The representatives of the Vienna School of Art History also included an important generation of famous researchers who were systematically ostracised or forced into exile in the 1930s. Among them were the art historians Frederik Antal, Ernst Gombrich, Ernst Kris, Otto Kurz, Otto Pächt, Fritz Saxl, Hans Tietze and Johannes Wilde. Hermann Bessemer and Josef Bodonyi were killed in concentration camps. These exiled and murdered scholars are commemorated by a monument in front of the Department. Aside from the personal anguish the victims had to endure, listing the names of these people makes apparent the enormous and irreparable loss of academic significance and academic gravity that Viennese art history suffered even beyond its Department. It is a loss that the University and the entire German-speaking academic world may never fully recover from. Many of those who were able to flee abroad, mostly to Anglo-Saxon countries, found a new home in their host countries. Particularly in Great Britain and the United States of America, their contribution to the development of art history was considerable.
The number of returnees after 1945 was low. The impossibility of turning back the hands of time is illustrated in a letter by Otto Pächt (1902–1981), who had emigrated to England, to his colleague from Heidelberg August Grisebach, who was also persecuted by the Nazis. Written in 1949, it clearly addresses the obstacles of returning home, which particularly included the atmosphere at the time.
In 1946, Karl Maria Swoboda (1889–1977) was appointed chair at the Department. The student of Dvořák had been an associate professor since 1930 and a lecturer at the German part of Charles University in Prague from 1934 to 1945. Pächt eventually returned to Vienna to become Head of Department in 1963. This was an important step towards making Viennese art history once again internationally visible. At the same time, Otto Demus (1902–1990), who had also returned from exile in England, was appointed chair as well: after three decades, the Viennese Department of History of Art, which was now residing at the Neues Institutsgebäude behind the University's Main Building on the Ringstrasse, had a second chair again. Thanks to the focus on the Middle Ages of the “Ottonians” as well as of Gerhard Schmidt (1924–2010), who was appointed Extraordinarius (roughly corresponding to associate professor) in 1964 and chair in 1968, Vienna's medieval research in the 1960s and 1970s gained an international reputation. Hermann Fillitz (successor to Pächt from 1974) largely contributed to this achievement as well.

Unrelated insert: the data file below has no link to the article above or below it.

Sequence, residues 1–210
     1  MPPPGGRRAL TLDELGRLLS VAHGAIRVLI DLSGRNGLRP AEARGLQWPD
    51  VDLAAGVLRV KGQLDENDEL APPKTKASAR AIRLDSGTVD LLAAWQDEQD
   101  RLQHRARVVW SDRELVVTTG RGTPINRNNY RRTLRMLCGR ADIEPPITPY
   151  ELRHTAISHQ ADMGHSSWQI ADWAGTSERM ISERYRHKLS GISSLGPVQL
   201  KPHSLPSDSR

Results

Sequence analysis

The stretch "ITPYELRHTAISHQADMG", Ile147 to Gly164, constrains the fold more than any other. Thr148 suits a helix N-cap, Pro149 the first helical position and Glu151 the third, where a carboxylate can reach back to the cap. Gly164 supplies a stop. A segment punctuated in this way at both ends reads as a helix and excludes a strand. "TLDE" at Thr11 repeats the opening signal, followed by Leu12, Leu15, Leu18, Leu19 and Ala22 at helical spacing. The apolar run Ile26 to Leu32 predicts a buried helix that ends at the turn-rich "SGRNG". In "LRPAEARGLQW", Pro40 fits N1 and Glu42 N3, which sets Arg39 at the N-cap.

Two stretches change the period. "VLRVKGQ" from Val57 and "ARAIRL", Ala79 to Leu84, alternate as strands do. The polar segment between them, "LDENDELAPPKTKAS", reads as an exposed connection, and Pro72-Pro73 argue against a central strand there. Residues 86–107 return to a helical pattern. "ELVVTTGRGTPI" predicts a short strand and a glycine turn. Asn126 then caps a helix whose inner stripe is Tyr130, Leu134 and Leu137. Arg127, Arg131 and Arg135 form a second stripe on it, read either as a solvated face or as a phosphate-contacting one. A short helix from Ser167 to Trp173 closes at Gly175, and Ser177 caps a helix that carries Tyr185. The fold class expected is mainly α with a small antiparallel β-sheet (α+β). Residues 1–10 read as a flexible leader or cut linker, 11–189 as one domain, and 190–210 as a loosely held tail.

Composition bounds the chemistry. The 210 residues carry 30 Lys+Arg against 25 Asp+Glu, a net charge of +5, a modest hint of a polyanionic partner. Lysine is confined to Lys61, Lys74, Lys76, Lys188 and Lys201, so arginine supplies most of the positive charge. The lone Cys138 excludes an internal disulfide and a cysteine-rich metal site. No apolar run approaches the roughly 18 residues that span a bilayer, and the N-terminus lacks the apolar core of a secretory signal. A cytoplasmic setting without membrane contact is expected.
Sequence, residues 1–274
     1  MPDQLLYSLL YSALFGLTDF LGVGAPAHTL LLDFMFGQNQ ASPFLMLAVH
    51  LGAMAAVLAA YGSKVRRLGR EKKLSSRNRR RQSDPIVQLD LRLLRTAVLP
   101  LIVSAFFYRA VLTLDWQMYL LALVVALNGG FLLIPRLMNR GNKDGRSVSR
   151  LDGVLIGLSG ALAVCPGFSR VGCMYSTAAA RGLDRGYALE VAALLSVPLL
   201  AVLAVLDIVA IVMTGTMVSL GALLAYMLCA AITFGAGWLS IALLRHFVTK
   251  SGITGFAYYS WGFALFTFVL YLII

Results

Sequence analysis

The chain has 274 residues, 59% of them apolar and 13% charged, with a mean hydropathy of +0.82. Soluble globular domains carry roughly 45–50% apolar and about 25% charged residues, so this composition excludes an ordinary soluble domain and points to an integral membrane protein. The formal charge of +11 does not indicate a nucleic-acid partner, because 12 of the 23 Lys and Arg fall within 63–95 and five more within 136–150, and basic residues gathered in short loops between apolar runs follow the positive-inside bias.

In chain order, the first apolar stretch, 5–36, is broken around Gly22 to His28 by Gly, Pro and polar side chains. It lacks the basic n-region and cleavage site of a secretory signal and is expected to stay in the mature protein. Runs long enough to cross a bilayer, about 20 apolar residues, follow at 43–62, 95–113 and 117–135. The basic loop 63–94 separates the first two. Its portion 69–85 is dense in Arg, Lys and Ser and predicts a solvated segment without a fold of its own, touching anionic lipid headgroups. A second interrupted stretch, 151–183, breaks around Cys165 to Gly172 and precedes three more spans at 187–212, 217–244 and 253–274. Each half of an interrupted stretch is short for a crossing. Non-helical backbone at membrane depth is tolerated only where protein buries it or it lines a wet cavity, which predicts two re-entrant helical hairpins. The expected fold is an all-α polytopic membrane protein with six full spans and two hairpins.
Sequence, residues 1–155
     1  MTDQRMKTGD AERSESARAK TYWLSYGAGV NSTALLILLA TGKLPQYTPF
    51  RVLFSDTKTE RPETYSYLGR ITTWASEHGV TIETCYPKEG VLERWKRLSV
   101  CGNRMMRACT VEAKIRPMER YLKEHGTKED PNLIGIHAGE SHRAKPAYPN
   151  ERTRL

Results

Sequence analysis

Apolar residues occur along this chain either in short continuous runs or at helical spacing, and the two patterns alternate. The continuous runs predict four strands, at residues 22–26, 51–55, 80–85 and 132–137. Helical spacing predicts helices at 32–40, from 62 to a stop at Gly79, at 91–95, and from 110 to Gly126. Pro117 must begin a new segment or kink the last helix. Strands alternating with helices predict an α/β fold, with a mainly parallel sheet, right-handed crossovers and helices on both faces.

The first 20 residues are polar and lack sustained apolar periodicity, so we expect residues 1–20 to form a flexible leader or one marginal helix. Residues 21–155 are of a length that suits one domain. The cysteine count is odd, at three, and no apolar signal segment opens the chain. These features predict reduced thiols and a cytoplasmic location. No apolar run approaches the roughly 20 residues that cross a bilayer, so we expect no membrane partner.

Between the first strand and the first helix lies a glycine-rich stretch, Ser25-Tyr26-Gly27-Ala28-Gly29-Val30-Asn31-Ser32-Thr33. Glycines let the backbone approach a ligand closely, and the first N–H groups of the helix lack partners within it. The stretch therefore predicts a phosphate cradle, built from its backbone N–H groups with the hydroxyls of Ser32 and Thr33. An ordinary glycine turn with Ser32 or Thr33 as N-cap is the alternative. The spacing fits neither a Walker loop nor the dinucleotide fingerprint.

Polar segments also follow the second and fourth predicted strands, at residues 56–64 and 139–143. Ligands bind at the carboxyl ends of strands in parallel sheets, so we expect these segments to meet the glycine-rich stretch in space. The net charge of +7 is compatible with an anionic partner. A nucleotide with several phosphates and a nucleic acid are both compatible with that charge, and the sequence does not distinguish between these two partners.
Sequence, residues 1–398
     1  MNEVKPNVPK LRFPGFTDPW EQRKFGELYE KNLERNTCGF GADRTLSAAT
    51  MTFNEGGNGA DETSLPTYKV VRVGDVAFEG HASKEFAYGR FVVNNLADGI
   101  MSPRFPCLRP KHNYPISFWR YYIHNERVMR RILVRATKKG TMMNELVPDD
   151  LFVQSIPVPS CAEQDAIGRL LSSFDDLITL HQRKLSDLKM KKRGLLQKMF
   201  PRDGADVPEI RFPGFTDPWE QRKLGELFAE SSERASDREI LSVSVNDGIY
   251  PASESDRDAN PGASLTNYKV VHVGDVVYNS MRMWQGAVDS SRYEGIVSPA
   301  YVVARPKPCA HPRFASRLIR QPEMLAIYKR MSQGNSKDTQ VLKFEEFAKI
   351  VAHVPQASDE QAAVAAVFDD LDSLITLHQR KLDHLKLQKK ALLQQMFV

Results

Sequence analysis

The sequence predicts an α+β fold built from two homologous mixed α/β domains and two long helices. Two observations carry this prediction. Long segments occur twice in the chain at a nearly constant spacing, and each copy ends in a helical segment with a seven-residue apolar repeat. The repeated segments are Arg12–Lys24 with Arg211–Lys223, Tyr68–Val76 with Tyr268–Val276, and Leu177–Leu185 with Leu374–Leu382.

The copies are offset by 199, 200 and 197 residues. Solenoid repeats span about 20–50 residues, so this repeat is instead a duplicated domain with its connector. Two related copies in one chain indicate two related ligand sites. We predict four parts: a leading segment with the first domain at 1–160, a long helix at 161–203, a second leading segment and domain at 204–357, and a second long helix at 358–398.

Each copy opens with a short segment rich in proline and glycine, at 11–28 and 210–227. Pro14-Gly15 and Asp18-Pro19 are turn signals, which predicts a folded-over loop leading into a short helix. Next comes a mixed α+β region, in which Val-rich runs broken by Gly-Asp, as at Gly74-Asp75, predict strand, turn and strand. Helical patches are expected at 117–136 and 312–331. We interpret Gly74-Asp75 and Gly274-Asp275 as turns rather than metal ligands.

Broadening the horizons

From the 1970s, the key areas of teaching and research could be systematically differentiated as the Department of History of Art (and the University of Vienna) were growing steadily. In 1971, Renate Wagner-Rieger (1921–1980) was appointed full professor. She was the first woman in the history of the Department to take up this position. With her research interests, she made an important contribution to the research on the Gründerzeit, the period of Historism, and the turn of the century (for instance with her Wiener Ringstrasse project). In 1976, the Baroque expert Günther Heinz (1927–1992) succeeded Demus as chair, resulting in a stronger focus on this epoch in the research of art history. The chair was subsequently filled by Hellmut Lorenz in 1997 and Sebastian Schütze in 2009, ensuring that Baroque research in Vienna can by now pride itself on its strong continuity that includes previously marginal research areas such as Spanish art. With the appointment of Artur Rosenauer in 1982, Renaissance art was actively represented for the first time since Schlosser. Also at this time, Helmut Buschhausen was appointed Extraordinarius for Byzantine Art History. His position was eventually upgraded to a professorship, as was the position of Extraordinarius for Non-European Art History – today the Chair in Asian Art History – that was established in 1996 and filled by Deborah Klimburg-Salter. He was succeeded by Lioba Theis in 2005. Since 1994, Friedrich Teja Bach has firmly established the field of modern art at the Department. It was expanded with a temporary Professorship of Contemporary Art (Julia Gelshorn in 2010, Sebastian Egenhofer in 2012). Since 1998, Michael Viktor Schwarz has represented the Middle Ages and headed the extremely productive area of book painting, which has numerous research projects to show. In 2009, Raphael Rosenberg was appointed Rosenauer's successor. He introduced the new field of cognitive research in art history. The art-geographical expansion of the Department continued in 2012 with a newly established Professorship of Islamic Art History, to which Markus Ritter was appointed. Four associate professors (Monika Dachs-Nickel, Wolfram Pichler, Martina Pippal and Ingeborg Schemper-Sparholz), numerous Dozenten (associate professors), university assistants and lecturers add to the excellent teaching and supervising activities at the Department.

Maximilian Hartmuth, Golo Maurer, Raphael Rosenberg